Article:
The truth is, I really like Dante’s voice. I cannot picture anybody else singing the lyrics. Cigarettes, bicycling, beer and friends make up 90-percent of the material. It is Gainesville to its core (at least the amusing sometime aggravating portion of Gainesville that rides fixies and wears baseball caps with the bils flipped up). Who better to represent than someone who has lived here his entire life? As Dante sings, “To hell with this I’m never leaving/ I love this town through and through.”
–Bang Bang Boom —
They make you shake it. They are fun, fantastic and a whole slew of other appropriate and inappropriate F words. The band finds a great singer in Darren who channels a higher pitched Jimi Henrix crossed with Alex Turner of the Arctic Monkeys.
The fairly recent addition of his brother Lem, tambourine player extraordinaire, truly completes the band. Lem adds incredible backing vocals and an energy that is unparalleled in Gaineville music.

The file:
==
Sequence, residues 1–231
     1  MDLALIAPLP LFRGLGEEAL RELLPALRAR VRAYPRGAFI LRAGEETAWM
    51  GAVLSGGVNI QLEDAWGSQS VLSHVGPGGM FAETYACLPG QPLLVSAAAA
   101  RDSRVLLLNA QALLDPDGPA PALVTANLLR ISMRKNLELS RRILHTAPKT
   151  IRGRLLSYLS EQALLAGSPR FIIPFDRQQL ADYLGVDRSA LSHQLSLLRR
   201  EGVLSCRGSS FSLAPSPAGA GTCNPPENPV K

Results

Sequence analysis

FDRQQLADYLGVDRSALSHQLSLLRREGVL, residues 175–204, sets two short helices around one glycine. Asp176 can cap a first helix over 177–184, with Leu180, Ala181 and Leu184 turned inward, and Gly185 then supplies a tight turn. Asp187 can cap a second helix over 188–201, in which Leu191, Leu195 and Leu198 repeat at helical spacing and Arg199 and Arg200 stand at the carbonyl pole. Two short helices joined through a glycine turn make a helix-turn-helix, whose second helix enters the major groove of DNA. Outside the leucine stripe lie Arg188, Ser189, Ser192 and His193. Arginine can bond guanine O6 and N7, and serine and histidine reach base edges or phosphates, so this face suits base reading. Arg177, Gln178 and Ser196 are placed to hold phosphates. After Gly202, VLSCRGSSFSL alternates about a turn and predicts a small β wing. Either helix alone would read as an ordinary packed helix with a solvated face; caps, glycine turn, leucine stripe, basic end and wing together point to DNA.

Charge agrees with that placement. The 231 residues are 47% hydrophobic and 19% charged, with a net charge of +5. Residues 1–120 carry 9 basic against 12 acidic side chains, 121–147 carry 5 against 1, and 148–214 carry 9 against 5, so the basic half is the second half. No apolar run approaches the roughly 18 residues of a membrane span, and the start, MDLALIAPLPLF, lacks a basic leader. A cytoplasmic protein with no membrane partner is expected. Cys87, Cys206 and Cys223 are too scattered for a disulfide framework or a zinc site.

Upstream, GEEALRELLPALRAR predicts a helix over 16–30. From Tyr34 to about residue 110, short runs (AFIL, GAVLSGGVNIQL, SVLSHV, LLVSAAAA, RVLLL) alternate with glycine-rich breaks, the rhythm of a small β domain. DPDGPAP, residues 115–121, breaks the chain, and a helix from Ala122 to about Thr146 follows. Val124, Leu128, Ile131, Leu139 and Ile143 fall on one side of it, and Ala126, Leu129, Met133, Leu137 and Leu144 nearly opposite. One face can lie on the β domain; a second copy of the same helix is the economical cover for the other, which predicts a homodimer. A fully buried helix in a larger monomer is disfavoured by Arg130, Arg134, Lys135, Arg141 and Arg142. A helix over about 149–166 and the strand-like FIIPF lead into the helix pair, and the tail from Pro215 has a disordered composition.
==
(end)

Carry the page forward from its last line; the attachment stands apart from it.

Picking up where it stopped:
Luke is one of the most precise and talented drummers in Gainesville rock. His approach is meticulous and grand and the sound hits the audience like a marching band drumline.
Ryan is an equally important asset to the band, a guitarist who obviously fostered his abilities on classic rock standards. On stage he hides in the back, but his sound is quite the opposite of his persona.
Last to mention is Travis. He is one of at least three bassists that have swept through Bang Bang Boom, but I think he is the best fit so far. His stage persona fits in the stereotype of a funk bassist perfectly: the stance, the straightened posture and the involuntary tics. The bass grooves definetely helpto drive the playful and funky music. He has a charm and style of playing that fits into the groove of the band like a puzzle piece.
Overall, they are a great live band and have some great music that is perfect for blaring in a car or party.
Those are off the top of my head. Maybe I will do a runner up list someday. I think Oh Sanders and Oh No and the Tiger Pit are worthy bands. I am just too tired to continue.